Wallace: But Eric Adams, who takes office as mayor on January 1, has run on a tough platform against crime. And one of its main tenants said he was going to restore an anti-crime unit that you disbanded. This is Mr. Adams.
Mayor-elect Eric Adams: It will be a city where we are safe. We are going to have efficient police services that are not heavy. We are going to have our police back, but we are going to hold them accountable for doing their job.
Wallace: When the voters elected Eric Adams – I mean, of all the mayoral candidates, didn’t they, in a sense, reject you?
Mayor: Eric Adams is someone I have worked very closely with, Chris. And it’s pretty well known in New York, I supported and helped him in any way I could to get him elected. And I think he’s going to continue what we started and build on that. He was a police reformer as a police officer. It’s well known. And he thinks we need to improve the relationship between the police and the community as a key to security. This is what we did with the neighborhood police strategy. So, no, I think there is a tremendous amount of continuity. You know, Commissioner Dermot Shea thought we needed to change this unit into civilian clothes. And I agree with him, these officers are now in uniform and they are taking more guns off the streets this year than we have seen in decades. So, I mean, Commissioner Shea had a strategic vision – would that work – and he proved it, and I supported him, and I think that was the right way to go. But I’ll tell you, I think Eric Adams is going to take whatever has been done and take it to the next level of security for the city. I have great confidence in him.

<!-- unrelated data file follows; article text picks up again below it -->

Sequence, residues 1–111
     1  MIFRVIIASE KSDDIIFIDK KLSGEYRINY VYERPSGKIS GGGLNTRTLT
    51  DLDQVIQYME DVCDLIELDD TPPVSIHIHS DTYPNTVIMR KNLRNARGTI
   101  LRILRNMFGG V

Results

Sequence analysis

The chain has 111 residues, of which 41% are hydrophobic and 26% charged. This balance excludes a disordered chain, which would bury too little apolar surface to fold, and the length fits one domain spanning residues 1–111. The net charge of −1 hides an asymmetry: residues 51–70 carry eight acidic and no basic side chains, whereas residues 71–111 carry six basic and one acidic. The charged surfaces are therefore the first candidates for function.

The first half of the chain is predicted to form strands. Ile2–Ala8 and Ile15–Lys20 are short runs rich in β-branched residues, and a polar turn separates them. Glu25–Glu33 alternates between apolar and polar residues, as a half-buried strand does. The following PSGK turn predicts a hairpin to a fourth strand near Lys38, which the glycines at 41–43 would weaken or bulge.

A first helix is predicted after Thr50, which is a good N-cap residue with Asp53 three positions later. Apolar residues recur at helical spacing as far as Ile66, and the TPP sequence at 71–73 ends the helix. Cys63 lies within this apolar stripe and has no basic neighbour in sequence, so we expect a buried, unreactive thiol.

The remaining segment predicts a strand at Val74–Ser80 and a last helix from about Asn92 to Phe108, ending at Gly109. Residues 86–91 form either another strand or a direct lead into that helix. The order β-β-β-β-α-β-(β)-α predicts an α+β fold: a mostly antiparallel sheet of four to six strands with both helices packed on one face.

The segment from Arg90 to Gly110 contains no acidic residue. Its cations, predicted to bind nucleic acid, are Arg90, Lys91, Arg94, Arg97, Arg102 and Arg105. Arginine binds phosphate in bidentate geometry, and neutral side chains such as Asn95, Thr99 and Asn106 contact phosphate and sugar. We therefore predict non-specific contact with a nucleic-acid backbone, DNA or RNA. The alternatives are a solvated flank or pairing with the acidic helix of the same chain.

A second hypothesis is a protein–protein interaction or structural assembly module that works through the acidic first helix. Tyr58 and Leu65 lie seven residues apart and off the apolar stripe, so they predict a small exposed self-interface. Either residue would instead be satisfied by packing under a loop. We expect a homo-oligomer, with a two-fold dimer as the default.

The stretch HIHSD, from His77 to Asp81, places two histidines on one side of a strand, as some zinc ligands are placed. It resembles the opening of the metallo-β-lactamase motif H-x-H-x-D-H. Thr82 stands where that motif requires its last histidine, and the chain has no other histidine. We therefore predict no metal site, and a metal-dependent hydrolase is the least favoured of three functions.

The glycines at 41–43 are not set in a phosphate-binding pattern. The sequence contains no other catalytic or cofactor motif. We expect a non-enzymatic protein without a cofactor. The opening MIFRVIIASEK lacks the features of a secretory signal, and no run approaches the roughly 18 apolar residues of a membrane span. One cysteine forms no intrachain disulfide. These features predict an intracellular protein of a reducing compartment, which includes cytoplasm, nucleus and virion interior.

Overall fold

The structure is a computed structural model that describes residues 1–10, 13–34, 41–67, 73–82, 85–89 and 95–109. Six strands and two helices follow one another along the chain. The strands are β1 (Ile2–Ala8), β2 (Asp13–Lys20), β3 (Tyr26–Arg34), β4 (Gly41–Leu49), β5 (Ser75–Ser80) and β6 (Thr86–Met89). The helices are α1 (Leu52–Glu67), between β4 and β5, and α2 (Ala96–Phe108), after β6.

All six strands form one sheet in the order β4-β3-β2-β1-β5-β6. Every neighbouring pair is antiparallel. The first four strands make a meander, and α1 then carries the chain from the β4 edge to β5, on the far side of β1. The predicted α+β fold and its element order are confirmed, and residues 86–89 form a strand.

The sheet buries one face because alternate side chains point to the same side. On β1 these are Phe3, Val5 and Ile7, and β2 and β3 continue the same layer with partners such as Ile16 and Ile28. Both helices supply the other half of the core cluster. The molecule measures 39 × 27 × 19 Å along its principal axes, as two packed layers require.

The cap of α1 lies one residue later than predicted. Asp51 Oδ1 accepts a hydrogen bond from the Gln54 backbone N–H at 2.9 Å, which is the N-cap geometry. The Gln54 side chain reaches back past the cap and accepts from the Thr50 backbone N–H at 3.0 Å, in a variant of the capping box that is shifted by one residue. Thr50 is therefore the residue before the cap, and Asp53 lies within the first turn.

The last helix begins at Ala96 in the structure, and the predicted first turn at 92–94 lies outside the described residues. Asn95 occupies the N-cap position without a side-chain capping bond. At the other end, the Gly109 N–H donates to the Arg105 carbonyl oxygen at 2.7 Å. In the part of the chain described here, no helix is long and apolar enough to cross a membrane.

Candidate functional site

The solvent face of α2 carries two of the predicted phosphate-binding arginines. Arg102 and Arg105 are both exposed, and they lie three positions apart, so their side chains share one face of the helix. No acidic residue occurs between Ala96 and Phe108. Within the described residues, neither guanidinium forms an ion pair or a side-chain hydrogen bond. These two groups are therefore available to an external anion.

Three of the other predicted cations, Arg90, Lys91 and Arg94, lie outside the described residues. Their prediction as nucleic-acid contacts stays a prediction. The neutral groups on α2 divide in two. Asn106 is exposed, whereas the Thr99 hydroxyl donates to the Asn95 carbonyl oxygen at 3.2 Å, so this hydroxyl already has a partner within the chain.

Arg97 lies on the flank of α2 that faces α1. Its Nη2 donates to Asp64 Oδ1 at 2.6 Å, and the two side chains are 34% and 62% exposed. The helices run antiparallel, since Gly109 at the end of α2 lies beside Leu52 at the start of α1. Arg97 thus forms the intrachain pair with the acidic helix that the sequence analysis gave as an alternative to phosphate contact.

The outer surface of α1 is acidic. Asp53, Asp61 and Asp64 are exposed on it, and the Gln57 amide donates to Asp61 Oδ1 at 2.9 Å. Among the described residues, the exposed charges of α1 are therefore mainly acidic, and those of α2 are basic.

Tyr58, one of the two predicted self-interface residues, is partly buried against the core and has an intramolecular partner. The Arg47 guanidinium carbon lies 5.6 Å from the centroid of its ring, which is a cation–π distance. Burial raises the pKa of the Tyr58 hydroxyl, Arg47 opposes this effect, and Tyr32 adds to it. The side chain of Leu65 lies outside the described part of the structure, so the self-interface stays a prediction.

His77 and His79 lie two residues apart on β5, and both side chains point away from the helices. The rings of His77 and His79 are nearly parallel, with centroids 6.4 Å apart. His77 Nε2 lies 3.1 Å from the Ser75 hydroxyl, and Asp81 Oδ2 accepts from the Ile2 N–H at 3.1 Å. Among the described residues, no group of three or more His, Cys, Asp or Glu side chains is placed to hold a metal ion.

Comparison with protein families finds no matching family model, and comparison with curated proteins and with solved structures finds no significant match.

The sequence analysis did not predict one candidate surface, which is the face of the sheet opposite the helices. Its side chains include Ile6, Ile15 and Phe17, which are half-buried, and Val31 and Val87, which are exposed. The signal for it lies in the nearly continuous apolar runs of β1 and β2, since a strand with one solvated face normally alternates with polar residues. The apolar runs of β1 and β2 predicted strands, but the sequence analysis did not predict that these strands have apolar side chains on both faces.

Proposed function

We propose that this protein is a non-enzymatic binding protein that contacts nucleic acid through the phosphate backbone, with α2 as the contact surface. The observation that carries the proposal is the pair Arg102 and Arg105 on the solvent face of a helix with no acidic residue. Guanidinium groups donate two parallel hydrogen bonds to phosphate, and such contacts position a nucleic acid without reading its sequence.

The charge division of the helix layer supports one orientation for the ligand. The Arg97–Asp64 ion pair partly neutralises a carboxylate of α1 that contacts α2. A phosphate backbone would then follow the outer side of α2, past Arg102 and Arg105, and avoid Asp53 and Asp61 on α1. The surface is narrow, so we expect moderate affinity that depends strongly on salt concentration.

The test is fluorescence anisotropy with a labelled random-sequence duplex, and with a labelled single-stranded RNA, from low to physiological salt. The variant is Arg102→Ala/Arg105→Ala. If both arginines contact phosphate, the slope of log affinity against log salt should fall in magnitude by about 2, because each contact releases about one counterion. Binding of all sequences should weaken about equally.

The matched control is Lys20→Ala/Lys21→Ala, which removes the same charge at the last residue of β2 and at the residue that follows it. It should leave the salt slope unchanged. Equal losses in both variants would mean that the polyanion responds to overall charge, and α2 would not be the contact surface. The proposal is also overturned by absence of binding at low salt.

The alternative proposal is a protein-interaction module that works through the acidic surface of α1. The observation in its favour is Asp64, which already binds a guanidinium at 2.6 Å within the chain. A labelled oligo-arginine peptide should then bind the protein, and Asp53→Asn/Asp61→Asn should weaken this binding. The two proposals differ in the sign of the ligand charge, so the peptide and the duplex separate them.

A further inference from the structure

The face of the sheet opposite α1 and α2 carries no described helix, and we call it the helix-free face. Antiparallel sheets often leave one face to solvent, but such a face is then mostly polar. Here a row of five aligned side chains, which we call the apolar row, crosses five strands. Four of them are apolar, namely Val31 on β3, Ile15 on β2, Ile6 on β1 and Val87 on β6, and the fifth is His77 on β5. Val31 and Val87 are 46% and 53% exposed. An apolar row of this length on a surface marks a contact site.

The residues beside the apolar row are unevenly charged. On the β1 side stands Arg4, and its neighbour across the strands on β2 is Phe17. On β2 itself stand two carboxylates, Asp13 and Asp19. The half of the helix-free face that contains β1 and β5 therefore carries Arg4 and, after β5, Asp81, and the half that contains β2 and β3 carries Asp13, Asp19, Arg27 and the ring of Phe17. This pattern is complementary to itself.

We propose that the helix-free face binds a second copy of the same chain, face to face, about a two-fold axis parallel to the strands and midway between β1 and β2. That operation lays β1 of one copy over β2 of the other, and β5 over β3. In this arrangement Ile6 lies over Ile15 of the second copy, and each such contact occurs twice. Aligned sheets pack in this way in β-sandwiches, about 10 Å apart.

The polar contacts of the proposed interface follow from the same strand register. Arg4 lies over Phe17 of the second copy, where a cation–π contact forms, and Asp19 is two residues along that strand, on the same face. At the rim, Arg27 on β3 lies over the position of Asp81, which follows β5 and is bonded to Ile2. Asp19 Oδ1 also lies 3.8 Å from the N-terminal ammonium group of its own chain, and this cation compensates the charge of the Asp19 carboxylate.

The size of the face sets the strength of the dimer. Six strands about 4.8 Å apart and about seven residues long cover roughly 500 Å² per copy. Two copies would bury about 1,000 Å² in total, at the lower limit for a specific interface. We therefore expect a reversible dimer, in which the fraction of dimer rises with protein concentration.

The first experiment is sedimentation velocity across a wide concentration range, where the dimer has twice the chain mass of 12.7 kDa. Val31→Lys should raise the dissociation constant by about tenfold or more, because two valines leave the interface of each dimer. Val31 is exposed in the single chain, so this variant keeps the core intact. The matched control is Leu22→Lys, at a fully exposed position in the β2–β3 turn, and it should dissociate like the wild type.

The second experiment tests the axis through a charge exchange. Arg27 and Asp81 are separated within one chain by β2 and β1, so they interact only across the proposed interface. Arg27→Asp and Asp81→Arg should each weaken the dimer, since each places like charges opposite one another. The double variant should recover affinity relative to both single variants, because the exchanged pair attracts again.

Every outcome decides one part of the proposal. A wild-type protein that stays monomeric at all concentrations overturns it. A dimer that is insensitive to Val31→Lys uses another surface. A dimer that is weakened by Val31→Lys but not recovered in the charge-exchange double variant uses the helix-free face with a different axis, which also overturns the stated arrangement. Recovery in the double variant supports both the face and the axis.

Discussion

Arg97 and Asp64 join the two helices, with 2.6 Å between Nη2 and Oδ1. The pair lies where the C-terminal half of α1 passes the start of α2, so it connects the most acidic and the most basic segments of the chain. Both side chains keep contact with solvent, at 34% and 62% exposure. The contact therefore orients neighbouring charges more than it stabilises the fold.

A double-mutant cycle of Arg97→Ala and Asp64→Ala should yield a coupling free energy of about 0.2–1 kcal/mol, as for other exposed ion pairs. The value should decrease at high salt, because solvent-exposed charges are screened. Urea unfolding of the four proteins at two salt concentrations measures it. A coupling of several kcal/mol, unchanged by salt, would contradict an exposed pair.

Wallace: Let’s move on to COVID. You have just imposed a new mandate according to which all private companies must vaccinate all their employees by December 27. No exceptions for – well, if you’re not vaccinated, you can get tested regularly instead. Why impose what could be the country’s most dramatic and radical COVID vaccine mandate just four days before you step down?
Mayor: Because my job is to protect New Yorkers. And, look, the bottom line is, we’ve been through the worst crisis in our history. We have lost tens of thousands of people in this city. It was incredibly painful. I have spoken to a lot of New Yorkers who have lost a grandparent, a relative, someone they loved, and I have to keep them safe and every time –
Wallace: But why not – excuse me, sir, why not allow the new mayor who will come four days later to impose this mandate if he wants to do so. You stick it with that.
Mayor: No, every time we put a warrant in place, Chris, it worked. We’re currently 71% of all New Yorkers – all New Yorkers, 71% fully immunized. We run the country. And that’s because we used incentives and warrants. And each mandate that we have put in place has dramatically increased the number of people vaccinated. Since the first warrants in August, we have received over a million additional doses. And that is why the city is open and prosperous. Chris, really, vaccination is about freedom, because it allows people to return to work, to take charge of their lives, to be safe wherever they are – at school, at the workplace. job. It works and that is why we continue to delve into it.